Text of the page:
Every quarter I scrape all of my commonly listened-to music into a Spotify playlist of its own, before moving on to totally new music and repeating the cycle. It’s a ‘slash and burn’ process which I detailed right here a few weeks back, and now it’s time for my latest release!
At work, where social features & discovery apps help me find new stuff
On my mobile, where offline playlists provide the backdrop to my travel
And since I no longer play physical CDs, nor use iTunes or other media player (barring web apps such as SoundCloud, Hype Machine, Mixcloud etc.) Spotify has become the main hub and jumping-off point for whatever type of music I’m after.
Spotify leaves it to its users to build, subscribe to and share playlists, their primary organisational schema, however they see fit. But with millions of tracks and carte blanche to curate a personal library of preferences comes a unique challenge: how should one filter, organise and archive their preferences with access to the worlds biggest music collection?
There is no self-populating iTunes-esque ‘smart playlist’ feature, no editorialised ‘recommended playlists’ feature, and until recently there was no way to search playlists without third-party involvement. Users have to come up with their own organisational approach, and I use my patented Star System™. Here’s how it works:
Play whatever music you want
Star the tracks you particularly love
These self-populate a ‘Starred Tracks’ playlist
Set this playlist to ‘Available Offline’ and they’ll download automatically
Carry on jamming, removing stars from any tracks if they get boring
After a period of time, move all starred tracks into playlist of their own
Release this playlist to the public to critical acclaim!
Repeat steps 1-7 with a blank slate
So without further ado, here are my Star Mix Playlists for your listening pleasure, along with some tasting notes.
Meanwhile, Brand Republic goes and published The BR 200 which is a list of “the best advertising, marketing, media, PR and digital blogs.” They stuck me in at #153, which is cool! Thing is, I haven’t blogged that much, have I? I’ll sort that out, sorry.
Meanwhile, as a mark of respect to the others on the BR 200, and to any remaining readers out there, I’ve compiled an OPML list of all the blogs on that list, which you can import into your RSS reader of choice.
There ya go, people! Enjoy all those proper bloggers. Hehe.
These guys were the soundtrack to my summer last year – nearly that time again!
So there we have it, people – thirty songs that mean something to me in (at least in some small way). I hope this has been at all enlightening, it’s certainly been fun to put together. Don’t forget, you can always submit new music to me by adding to my collaborative Spotify playlist.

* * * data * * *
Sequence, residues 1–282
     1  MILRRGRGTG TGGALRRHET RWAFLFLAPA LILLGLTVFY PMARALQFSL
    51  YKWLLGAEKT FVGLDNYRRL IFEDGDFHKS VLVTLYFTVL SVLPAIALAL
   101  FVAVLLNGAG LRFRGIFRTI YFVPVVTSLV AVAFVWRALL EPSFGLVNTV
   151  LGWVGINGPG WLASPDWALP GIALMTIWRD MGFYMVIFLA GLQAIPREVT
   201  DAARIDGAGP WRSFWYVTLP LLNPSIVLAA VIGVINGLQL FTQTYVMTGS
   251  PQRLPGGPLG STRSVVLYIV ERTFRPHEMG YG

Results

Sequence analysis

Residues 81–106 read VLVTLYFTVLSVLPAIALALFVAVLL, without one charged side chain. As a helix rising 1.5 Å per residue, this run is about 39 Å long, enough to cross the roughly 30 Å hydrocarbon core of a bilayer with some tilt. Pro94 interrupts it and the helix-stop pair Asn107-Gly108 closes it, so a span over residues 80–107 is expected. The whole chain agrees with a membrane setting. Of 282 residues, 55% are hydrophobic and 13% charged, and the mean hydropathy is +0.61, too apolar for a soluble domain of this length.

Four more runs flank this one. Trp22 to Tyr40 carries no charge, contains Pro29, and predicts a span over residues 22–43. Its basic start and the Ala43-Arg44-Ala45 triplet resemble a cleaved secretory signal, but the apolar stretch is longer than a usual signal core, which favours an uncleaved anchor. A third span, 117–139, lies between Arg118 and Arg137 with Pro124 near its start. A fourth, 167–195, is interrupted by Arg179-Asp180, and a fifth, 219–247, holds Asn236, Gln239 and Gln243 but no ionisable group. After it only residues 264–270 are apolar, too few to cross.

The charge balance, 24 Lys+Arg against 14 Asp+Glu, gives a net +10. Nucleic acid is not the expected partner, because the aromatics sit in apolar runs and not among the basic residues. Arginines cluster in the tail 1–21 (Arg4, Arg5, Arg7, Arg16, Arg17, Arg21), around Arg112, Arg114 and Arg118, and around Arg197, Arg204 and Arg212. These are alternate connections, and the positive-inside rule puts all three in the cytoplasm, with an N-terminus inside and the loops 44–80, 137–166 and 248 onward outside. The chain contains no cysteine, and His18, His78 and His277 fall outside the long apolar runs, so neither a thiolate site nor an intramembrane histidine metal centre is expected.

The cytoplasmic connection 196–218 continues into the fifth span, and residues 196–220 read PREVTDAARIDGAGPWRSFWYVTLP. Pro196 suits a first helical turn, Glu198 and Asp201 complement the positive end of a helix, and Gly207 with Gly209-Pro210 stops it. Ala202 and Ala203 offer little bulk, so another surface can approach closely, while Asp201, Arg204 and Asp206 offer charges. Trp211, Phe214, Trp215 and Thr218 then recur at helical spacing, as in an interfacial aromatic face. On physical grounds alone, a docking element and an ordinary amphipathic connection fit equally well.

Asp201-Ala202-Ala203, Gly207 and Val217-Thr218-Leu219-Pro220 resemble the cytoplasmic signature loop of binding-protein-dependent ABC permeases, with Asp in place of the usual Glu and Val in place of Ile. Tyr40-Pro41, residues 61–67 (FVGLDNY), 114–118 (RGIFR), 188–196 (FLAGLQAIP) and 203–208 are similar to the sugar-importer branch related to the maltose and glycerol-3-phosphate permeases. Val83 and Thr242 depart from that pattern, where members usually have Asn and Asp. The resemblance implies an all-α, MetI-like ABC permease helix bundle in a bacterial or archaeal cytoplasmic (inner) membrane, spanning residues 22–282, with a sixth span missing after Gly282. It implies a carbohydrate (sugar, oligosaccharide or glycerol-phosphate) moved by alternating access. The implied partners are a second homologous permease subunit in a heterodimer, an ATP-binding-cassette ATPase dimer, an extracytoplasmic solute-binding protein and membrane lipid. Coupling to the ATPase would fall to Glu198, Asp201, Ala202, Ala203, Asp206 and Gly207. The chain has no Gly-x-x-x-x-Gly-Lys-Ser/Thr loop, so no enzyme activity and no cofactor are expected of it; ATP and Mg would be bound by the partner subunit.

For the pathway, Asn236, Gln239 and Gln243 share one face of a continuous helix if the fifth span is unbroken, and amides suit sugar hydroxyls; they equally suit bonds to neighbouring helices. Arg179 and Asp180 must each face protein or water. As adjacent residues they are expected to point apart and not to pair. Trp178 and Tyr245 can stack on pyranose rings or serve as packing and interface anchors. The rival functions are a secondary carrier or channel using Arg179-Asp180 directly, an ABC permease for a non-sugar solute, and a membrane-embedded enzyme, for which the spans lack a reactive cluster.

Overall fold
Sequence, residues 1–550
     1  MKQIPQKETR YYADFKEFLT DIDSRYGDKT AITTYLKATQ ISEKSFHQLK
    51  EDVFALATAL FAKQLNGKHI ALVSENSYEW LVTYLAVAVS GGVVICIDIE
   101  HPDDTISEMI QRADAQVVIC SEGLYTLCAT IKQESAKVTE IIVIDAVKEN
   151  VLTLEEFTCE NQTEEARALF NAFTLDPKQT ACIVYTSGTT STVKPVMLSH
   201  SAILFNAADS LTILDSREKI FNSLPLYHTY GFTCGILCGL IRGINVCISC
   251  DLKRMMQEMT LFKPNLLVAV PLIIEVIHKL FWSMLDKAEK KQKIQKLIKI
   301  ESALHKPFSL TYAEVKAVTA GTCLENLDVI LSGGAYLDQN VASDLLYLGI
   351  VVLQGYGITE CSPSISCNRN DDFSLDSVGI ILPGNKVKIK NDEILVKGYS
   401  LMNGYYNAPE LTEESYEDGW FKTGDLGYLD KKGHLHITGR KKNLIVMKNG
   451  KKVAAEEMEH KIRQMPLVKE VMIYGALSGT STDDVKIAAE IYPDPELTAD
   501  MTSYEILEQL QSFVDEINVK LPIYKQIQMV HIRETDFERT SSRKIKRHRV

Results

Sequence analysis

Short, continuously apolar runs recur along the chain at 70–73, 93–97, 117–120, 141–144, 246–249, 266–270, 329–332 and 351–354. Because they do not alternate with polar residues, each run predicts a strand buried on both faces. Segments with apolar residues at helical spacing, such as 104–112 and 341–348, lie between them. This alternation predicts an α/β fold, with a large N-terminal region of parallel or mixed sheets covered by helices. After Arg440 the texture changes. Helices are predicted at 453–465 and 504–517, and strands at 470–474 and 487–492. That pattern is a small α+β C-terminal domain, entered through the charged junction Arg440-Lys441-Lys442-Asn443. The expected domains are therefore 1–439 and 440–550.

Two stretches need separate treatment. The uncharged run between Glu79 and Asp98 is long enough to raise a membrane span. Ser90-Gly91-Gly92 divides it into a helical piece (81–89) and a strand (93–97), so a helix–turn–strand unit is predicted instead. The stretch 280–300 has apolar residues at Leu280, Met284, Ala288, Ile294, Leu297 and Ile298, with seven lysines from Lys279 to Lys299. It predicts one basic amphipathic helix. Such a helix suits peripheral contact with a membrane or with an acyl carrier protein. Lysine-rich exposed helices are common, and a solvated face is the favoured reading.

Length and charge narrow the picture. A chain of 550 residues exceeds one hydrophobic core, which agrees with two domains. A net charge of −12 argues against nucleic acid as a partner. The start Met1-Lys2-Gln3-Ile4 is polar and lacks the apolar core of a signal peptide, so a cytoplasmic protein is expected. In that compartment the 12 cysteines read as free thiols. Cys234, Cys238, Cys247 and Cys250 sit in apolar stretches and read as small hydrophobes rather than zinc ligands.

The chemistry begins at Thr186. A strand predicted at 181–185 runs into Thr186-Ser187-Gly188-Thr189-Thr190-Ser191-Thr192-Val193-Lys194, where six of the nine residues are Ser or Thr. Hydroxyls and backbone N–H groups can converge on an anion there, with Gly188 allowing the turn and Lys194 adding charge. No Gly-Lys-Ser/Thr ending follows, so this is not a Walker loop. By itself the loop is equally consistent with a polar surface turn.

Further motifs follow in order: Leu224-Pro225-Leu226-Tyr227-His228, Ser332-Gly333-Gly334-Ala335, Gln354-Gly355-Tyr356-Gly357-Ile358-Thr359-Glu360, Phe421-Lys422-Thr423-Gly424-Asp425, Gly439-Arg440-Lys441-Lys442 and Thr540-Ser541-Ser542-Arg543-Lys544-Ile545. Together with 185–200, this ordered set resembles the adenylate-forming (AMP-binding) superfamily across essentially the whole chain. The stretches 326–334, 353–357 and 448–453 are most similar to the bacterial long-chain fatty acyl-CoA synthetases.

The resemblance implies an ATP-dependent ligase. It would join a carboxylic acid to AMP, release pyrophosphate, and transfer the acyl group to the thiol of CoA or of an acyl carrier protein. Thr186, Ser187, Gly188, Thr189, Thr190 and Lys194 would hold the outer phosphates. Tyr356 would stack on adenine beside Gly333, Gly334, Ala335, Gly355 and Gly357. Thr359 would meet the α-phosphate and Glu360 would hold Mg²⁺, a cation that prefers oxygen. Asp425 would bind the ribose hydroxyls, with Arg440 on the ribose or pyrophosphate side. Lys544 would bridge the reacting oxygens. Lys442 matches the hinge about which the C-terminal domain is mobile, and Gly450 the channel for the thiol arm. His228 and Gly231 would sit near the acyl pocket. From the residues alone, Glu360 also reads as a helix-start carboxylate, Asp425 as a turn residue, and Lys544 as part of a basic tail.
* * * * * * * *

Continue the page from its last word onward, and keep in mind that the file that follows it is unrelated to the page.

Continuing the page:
I recently upgraded to a brand new phone, the Samsung Galaxy S2, and let me tell you, her beauty is a thing to behold.
This is my second Android device, my first being an HTC Hero, whom I loved like a little brother. But I love my Galaxy like she’s a sexy robot from the future, trained to be awesome.
Given I’ll be spending the next couple of years with her, it’s important that I maximise all that awesomeness. For me, that boils down to the following areas:
She needs to look attractive
She needs to let me do my thing
She needs to last ’til at least midnight
She needs to be constantly surprising
She needs to feel like she’s all mine
It’s quite possible to achieve these things from your Android device: it just requires a bit of time to work out your priorities, and sometimes the advice of a few well respected sources. Ultimately, it’s experience that leads to a happy relationship. By the way, yes, I’m still talking about mobile phones.
With all of this in mind, I think I’ve found my ultimate Android setup, the perfect relationship, if you will. So without further ado, I present to you my Ultimate Android Homescreen, a perfectly-tuned combination of sexiness, usefulness, battery life and entertainment.
At just three screens, she’s the most efficient I could conceive of – the product of several hours hard thinking!
The ‘Immediacy’ Screen – stuff you need right now
The ‘Entertainment’ Screen – stuff to feed your head
The ‘Productivity’ Screen – stuff to get shit done